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where there is an existing restriction on the number of passenger movements or cargo aircraft movements at an airport, any proposal to increase the annual use of the airport by more than 10 million passengers or 10,000 air transport movements of cargo aircraft will be a matter for the new single development consent process. The Minister has said that that will apply even if the promoter does not propose the physical development of the site.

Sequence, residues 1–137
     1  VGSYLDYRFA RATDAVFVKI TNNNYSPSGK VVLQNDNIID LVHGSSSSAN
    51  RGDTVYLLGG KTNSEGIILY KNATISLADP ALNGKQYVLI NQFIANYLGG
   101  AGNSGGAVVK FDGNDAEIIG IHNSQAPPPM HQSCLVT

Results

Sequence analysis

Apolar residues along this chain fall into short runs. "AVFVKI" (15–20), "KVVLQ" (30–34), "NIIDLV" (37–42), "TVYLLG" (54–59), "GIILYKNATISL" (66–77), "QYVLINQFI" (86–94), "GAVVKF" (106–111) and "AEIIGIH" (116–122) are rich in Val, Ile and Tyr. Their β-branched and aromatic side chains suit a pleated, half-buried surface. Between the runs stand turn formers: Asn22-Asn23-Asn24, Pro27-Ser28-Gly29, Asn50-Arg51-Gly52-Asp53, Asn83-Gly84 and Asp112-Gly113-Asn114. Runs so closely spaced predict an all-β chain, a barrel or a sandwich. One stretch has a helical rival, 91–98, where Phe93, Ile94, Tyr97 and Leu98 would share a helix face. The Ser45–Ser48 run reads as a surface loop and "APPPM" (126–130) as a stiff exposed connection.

I have asked the Minister which regimes currently govern passenger and air cargo movements per se—those that are unrelated to physical alterations to the airport— and I understand that the Civil Aviation Authority is responsible for a licensing regime in respect of Gatwick and Heathrow. The Minister has indicated that the planning regime is already used for other matters, but that would, I imagine, be in respect of physical development, because it is clear from the amendments that passenger and air transport movements, per se, are being brought within the planning process for the first time.